I plan on capturing 1080F (basically it's true 30fps 1080p but in a 60fps 1080i stream, which can be patched quickly once captured) via HD-SDI from a Canon XL-H1 camera.

I don't know the specifics, but the camera's manual states that it requires a steady throughput of 99 MB per/sec (that's Megabytes), or 132MB per/sec if I want to transfer in 10bit mode (but as this camera has an 8bit sensor this is largely pointless)

So, I guess the real question is how can I configure a cost effective raid to sustain, say, 150MB p/s in a worst case scenario?

Thanks

LethalWolfe
Feb 18, 2008, 11:51 AM
Why don't your capture as Pro Res? Comparable quality to uncompressed HD w/much more manageable file sizes.


Lethal

dansai
Feb 18, 2008, 01:51 PM
Why don't your capture as Pro Res? Comparable quality to uncompressed HD w/much more manageable file sizes.

That's a nice suggestion actually, I can't believe I didn't think about this before. What would I need to be able to (I'm guessing) transcode on-the-fly? Is it something that would be built into certain SDI cards? Or will any old SDI card work & the Mac Pro does the work?

Dan

VideoShooter
Feb 18, 2008, 05:46 PM
Wait - I don't get it.

The "Canon XL-H1 camera" shoots on Mini-DV tapes and records in the HDV video format/codec.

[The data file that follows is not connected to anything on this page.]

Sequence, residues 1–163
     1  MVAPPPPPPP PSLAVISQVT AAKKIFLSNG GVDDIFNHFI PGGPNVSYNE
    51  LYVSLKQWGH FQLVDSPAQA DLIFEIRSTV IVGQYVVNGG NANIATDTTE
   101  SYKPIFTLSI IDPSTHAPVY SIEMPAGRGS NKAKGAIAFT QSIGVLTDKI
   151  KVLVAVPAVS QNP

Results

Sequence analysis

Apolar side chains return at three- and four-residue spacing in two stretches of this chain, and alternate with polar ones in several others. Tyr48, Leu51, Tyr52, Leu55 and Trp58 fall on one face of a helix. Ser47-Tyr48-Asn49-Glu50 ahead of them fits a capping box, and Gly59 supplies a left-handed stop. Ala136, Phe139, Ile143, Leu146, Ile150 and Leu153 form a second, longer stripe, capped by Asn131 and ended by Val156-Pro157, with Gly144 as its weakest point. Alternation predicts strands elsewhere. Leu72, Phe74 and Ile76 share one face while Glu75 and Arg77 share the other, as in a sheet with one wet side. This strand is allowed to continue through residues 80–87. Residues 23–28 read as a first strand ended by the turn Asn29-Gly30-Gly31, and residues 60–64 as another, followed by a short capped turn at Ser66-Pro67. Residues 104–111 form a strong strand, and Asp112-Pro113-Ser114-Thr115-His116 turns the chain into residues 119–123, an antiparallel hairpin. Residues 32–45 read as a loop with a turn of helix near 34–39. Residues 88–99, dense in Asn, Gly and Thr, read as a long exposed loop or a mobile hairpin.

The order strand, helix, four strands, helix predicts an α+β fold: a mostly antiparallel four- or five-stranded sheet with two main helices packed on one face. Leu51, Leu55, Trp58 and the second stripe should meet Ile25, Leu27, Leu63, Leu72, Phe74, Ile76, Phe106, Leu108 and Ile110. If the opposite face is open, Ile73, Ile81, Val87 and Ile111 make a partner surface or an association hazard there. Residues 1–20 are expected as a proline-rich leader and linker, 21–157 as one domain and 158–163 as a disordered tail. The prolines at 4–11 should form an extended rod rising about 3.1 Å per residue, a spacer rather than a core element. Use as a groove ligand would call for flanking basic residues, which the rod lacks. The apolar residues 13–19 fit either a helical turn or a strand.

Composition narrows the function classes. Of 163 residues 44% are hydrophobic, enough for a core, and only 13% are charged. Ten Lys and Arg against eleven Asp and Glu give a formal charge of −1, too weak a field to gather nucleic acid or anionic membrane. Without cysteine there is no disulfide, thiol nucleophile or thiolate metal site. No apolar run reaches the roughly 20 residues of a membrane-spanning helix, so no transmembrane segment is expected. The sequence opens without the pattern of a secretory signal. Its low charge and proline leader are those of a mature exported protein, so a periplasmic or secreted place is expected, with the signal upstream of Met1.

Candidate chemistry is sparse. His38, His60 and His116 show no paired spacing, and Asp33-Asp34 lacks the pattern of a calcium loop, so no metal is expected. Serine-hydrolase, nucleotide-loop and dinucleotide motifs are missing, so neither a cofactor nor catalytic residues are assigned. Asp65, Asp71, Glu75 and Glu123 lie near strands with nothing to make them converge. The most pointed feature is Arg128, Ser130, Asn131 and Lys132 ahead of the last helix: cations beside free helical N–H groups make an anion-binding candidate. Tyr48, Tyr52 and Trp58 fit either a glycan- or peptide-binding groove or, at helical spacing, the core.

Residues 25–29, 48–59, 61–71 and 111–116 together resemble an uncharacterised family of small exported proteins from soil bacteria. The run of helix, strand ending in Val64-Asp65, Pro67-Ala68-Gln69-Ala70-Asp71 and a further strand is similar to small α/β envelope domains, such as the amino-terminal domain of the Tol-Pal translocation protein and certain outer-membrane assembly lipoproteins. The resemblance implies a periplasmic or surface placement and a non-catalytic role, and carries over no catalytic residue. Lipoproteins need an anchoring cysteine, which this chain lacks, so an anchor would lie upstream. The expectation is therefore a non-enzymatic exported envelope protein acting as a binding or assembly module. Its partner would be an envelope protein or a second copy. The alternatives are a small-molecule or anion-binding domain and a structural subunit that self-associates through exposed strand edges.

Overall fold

Capturing from HD-SDI output on playback will NOT give you a better signal or image than capturing as HDV via firewire.

The only reason HD-SDI out is even useful for the Canon XL-H1 camera is because you can use it as a live camera. IE: Into a television switcher OR into a higher end tape deck - like a HDCAM or DVCPROHD deck.


If you're using the Canon XL-H1 camera you don't even need a raid for capturing... Only really for size... and only if you're using LOTS of footage/media.

LethalWolfe
Feb 18, 2008, 06:04 PM
That's a nice suggestion actually, I can't believe I didn't think about this before. What would I need to be able to (I'm guessing) transcode on-the-fly? Is it something that would be built into certain SDI cards? Or will any old SDI card work & the Mac Pro does the work?

Dan

As long as you are using FCP 6 on a Mac Pro and have a card w/HD-SDI you can capture into Pro Res on the fly, AFAIK.